Several studies have provided insights into the biological functions of ATG4D, particularly its autophagy-independent roles13,15,18,19,20 and contributions toward non-canonical autophagy17, that may be critical for further understanding disease pathogenesis. One unique aspect of ATG4D biology is its connection with the mitochondrion: ATG4D contains a cryptic mitochondrial signal peptide downstream of a caspase cleavage site (Fig. 1e) and cleavage by caspase 3 allows the N-terminally cleaved ATG4D (ΔN63 ATG4D) to localize to the mitochondria15. Complementary to these studies, ΔN63 ATG4D has been shown to bind liposomes containing the mitochondria-specific lipid cardiolipin13. Recently, a role for ATG4D in non-canonical autophagy has been uncovered17. Non-canonical autophagy involves the conjugation of ATG8 to single membranes (CASM) at endolysosomal compartments, leading to the conjugation of the LC3/GABARAP subfamily proteins (ATG8s) to phosphatidylserine (PS). Interestingly, ATG4D was the most efficient isoform for delipidating LC3/GABARAP-PS among the ATG4 isoforms and the only isoform to preferentially delipidate LC3/GABARAP-PS over LC3/GABARAP-PE17. Further, similar to ATG4A and ATG4B, ATG4D has been found to stabilize GABARAP and GABARAPL118,19. Finally, ATG4D may have an indirect role in GABA receptor trafficking in the cerebellum20,37, which could contribute to the neuropathology observed in the Atg4d knockout mouse. These new aspects of ATG4D biology will guide future studies to understand disease pathogenesis.
The key limitations of this study include our current incomplete understanding of ATG4D biology, the lack of clarity on the functional pathogenicity of the p.Ser89Asn ATG4D variant, and the limited number of patients evaluated. First, the assessment of autophagy in accessible tissues and cells did not reveal any apparent defects in autophagy induction, potentially due to the redundancy of the ATG4 protein isoforms13,14,18, and the likelihood that ATG4D has nuanced roles in autophagy and potentially more prominent roles in other pathways, such as non-canonical autophagy17. Indeed, gene editing alone or in combination with knockdown strategies of all four ATG4s has been required to further elucidate the common and unique contributions of each ATG4 cysteine protease13,14,18. Since ATG4A, ATG4C, and ATG4D are predominantly delipidation enzymes in in vitro studies and ATG4D preferentially delipidates phosphatidylserine (PS)-conjugated LC3/GABARAP subfamily members13,17, it would be worthwhile to investigate this aspect of ATG4D function in future studies using isogenic controls in order to interpret biological consequences with higher sensitivity. Second, one of the alleles of Individual 1 (c.266G>A, p.Ser89Asn), while bioinformatically predicted to be damaging and in trans with a deleterious variant, did not reveal a defect in GABARAPL1 priming activity, likely due to the fact that the variant is not located in the cysteine protease domain (Fig. 1e). Further studies on ATG4D biology and its putative autophagy-independent functions, particularly on its connection with the mitochondria, will guide future experimental design. Finally, only three individuals from two unrelated families were identified. The identification of additional individuals would be invaluable in characterizing the phenotypic spectrum of ATG4D-related disease.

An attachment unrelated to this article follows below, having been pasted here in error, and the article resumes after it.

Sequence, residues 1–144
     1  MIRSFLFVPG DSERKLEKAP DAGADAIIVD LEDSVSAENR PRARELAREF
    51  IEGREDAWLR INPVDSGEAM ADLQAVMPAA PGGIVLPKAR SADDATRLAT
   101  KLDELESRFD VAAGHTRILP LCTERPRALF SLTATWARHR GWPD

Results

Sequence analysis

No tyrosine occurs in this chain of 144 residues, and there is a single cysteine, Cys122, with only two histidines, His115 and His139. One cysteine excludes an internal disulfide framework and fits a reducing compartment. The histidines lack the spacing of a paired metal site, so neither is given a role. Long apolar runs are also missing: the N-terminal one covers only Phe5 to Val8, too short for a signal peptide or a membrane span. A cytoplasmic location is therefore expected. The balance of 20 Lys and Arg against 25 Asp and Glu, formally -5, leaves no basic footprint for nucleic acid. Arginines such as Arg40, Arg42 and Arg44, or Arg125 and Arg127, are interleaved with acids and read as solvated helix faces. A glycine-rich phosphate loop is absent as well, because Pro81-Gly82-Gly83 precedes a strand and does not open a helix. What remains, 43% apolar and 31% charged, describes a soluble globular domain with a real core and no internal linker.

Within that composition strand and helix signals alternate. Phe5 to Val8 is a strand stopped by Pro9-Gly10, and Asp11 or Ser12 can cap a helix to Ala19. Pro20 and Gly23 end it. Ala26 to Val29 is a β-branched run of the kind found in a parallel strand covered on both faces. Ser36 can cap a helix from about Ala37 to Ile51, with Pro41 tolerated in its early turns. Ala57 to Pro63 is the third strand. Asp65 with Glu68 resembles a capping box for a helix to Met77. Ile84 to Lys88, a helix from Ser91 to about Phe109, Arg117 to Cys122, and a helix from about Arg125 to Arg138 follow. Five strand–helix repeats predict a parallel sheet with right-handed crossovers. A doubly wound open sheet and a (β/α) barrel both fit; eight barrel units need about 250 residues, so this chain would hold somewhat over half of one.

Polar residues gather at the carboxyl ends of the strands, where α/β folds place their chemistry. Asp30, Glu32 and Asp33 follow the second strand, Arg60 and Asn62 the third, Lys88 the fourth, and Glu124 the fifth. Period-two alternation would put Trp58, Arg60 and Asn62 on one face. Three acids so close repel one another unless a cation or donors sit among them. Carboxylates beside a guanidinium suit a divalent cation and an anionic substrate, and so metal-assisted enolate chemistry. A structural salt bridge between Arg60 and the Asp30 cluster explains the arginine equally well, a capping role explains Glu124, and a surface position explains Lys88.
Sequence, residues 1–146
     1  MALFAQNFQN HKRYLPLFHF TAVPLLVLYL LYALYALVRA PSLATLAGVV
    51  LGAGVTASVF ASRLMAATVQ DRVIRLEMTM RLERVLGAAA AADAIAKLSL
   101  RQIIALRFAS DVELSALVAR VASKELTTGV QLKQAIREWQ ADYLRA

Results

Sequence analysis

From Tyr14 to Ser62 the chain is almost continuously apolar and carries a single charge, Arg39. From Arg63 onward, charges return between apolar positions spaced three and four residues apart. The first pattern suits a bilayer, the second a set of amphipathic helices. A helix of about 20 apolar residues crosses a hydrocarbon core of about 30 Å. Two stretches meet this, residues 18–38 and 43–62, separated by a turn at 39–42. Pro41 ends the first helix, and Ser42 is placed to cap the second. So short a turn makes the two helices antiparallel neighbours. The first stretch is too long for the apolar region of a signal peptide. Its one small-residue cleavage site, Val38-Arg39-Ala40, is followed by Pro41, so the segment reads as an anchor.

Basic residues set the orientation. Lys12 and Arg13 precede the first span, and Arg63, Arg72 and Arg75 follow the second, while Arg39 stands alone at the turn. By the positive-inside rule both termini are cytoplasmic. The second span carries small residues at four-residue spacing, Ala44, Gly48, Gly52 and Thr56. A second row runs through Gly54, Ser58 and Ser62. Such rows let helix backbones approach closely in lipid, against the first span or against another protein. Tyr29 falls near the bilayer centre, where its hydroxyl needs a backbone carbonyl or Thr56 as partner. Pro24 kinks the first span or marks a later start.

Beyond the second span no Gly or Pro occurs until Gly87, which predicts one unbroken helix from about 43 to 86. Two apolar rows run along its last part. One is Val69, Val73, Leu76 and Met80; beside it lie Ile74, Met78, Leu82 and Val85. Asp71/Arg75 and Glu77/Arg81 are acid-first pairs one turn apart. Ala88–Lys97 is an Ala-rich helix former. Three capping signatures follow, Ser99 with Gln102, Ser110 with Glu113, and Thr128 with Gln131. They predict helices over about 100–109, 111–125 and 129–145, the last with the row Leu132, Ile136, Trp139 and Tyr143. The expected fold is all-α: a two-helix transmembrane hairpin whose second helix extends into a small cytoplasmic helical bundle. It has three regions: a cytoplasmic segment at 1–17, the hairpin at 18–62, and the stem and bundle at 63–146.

In summary, we have identified ATG4D as a candidate gene for a syndromic neurodevelopmental disorder. Prior association of ATG4D with neurodevelopmental phenotypes in model organisms further supports a role for ATG4D in neurogenetic disease. The identification of additional probands and detailed biochemical and molecular studies will help characterize the full phenotypic spectrum of disease and underlying pathophysiology.
Patient enrollment and consent
Individual 1 (Family 1: II-2) was evaluated through the National Institutes of Health (NIH) Undiagnosed Diseases Program (UDP)38,39 and was enrolled in the protocol 76-HG-0238, approved by the National Human Genome Research Institute Institutional Review Board. His mother provided written informed consent. Individual 2 (Family 2: II-3) and her younger affected sister Individual 3 (Family 2: II-4) were clinically assessed and followed through the Provincial Medical Genetics Program at the British Columbia Women’s and Children’s Hospital (Vancouver, BC, Canada). Individual 2 (Family 2: II-3), her affected younger sister Individual 3 (Family 2: II-4), two unaffected siblings (Family 2: II-1 and Family 2: II-2), and mother (Family 2: I-2) were enrolled in the protocol 76-HG-0238, approved by the National Human Genome Research Institute Institutional Review Board for sample collection and molecular analyses. Their mother provided written informed consent for all individuals in this family. The authors affirm that human research participants provided informed consent for the publication of the images in Fig. 1.
Exome and/or genome sequencing analysis
Peripheral whole blood samples were collected, and DNA was extracted using CLIA-approved methods. Additionally, for Family 2, DNA samples were collected from several family members using the iSWAB Discovery Collection Kit (Mawi DNA Technologies, Hayward, CA) and the genomic DNA was extracted from the buccal swabs using the QIAamp DNA Mini Kit (Qiagen, Germantown, MD) for Sanger sequencing validation.